NPR

Trump, Then And Now: What His Shifting Positions Say About What He Believes

As President Trump approaches 100 days in office, his policy changes raise questions about what he intends to do with the rest of his term. Here are eight examples of how he has shifted.

Reporters ask lots of pesky questions during campaigns for a reason: to find out how someone would govern.

Most candidates right and left comply with the public interest in what they would do by putting out policy papers and laying out facts and figures, numbers and details.

Not Donald Trump. He likes to keep everyone guessing. And the country is now seeing just how much.

In the first couple of months of his presidency, he was governing like he campaigned — bombastic and trying to follow through on bold promises. Build the wall. Ban certain people. Bring back manufacturing jobs. He ordered that the wall be built (though the U.S. will pay for it and part of it might be a fence); he ordered a travel ban for people from six majority-Muslim countries (though it was seven at first, and it's still hung up in the courts); and, as for jobs, well, presidents always get too much credit and blame for that, but there's always the Carrier deal.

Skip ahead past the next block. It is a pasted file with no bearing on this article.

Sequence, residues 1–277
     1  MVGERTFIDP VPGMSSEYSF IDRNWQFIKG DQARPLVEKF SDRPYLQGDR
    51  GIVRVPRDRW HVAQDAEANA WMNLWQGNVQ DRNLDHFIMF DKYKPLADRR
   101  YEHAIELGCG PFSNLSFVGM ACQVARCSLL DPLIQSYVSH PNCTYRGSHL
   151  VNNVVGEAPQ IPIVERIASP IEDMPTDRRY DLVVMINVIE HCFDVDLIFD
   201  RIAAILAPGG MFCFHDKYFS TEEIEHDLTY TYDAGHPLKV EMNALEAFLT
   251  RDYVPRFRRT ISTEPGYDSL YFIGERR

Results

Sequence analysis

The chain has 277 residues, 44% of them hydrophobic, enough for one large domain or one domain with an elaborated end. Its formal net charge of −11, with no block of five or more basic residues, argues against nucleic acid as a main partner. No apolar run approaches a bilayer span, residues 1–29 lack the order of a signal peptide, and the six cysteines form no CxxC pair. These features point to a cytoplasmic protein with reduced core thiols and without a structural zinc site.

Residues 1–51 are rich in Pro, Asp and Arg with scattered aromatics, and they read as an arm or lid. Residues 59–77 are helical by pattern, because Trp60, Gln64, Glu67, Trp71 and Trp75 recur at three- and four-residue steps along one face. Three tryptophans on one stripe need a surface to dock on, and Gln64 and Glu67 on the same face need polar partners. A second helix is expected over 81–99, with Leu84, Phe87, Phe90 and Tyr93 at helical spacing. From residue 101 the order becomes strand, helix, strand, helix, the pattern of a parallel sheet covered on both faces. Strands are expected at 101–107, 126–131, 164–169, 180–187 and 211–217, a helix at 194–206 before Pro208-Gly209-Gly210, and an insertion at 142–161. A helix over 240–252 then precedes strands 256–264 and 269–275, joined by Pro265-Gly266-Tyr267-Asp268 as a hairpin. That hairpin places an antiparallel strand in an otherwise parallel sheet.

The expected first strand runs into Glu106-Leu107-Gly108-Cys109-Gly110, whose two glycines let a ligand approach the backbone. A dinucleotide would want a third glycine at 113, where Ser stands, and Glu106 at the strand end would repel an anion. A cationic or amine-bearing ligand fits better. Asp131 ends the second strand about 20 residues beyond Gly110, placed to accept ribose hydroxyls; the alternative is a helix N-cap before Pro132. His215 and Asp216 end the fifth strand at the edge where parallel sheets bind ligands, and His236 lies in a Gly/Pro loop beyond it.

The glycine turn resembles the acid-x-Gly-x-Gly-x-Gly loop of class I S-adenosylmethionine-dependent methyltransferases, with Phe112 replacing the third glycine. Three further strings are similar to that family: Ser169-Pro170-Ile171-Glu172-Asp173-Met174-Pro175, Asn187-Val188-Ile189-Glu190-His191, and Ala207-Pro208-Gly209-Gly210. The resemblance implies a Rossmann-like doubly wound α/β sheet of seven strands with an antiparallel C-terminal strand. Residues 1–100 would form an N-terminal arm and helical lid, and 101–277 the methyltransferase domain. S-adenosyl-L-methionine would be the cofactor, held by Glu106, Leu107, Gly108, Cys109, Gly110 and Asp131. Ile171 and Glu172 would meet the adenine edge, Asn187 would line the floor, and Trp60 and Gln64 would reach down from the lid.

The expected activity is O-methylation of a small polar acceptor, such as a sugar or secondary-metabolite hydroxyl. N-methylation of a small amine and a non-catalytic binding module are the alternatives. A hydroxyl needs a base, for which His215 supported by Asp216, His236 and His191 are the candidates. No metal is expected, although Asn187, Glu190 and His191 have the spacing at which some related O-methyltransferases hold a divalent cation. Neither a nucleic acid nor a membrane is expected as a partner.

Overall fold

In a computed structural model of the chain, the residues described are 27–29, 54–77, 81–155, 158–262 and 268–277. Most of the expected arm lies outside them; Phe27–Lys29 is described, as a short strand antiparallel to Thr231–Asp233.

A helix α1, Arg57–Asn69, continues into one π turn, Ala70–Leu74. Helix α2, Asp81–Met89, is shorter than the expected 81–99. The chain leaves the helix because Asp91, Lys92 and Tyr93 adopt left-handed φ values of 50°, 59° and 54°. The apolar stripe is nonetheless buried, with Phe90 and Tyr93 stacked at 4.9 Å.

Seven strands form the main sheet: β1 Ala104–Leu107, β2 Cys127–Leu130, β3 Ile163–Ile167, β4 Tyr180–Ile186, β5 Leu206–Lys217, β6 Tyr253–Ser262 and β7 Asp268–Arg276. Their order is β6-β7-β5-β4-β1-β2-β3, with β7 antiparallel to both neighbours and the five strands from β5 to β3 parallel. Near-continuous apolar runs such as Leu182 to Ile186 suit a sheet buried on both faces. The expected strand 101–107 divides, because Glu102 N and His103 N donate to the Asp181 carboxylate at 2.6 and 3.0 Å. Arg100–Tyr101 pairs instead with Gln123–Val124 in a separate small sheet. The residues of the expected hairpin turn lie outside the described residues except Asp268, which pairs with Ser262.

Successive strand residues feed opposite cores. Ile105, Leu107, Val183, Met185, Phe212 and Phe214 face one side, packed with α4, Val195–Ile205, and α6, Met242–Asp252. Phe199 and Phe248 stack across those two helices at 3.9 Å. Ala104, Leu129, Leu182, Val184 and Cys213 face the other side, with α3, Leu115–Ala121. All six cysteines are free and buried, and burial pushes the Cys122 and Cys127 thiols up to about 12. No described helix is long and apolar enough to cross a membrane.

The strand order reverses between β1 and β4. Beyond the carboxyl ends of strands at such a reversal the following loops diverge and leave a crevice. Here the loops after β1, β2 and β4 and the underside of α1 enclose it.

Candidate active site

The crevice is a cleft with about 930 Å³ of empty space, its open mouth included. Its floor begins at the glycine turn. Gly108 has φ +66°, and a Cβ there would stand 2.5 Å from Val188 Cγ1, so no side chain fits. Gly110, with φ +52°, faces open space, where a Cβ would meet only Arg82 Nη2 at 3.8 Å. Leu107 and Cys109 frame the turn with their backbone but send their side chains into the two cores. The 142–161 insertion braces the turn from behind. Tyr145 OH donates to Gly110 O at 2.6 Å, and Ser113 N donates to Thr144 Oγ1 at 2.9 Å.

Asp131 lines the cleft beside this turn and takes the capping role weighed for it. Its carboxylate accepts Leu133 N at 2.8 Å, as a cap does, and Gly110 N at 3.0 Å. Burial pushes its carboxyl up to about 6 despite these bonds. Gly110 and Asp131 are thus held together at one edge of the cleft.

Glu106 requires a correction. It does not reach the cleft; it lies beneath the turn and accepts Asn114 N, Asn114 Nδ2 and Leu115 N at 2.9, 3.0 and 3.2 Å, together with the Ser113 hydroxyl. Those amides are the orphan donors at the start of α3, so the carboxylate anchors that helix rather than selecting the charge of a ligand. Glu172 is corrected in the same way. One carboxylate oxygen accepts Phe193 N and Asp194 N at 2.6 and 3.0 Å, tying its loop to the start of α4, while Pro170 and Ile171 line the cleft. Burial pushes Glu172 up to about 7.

In just the past few days, however, Trump has reversed himself on a whole host of subjects — from NATO, China, Russia and Syria to health care, the Export-Import Bank, even Goldman Sachs and Federal Reserve Chairwoman Janet Yellen.

As the 100-day marker of Trump's presidency approaches, the shifting raises questions about what Trump really intends to do as president with the rest of his time in office. Does he even know? Or is he — and now the country — simply at the mercy of his instinctual whims and latest conversations?

Some of what Trump is doing is being billed as a movement toward the mainstream. For example:

But do Trump's reversals really signal that? Don't bet on it. Just because something is true today with Trump doesn't mean it will be so tomorrow.

Here's a look at how

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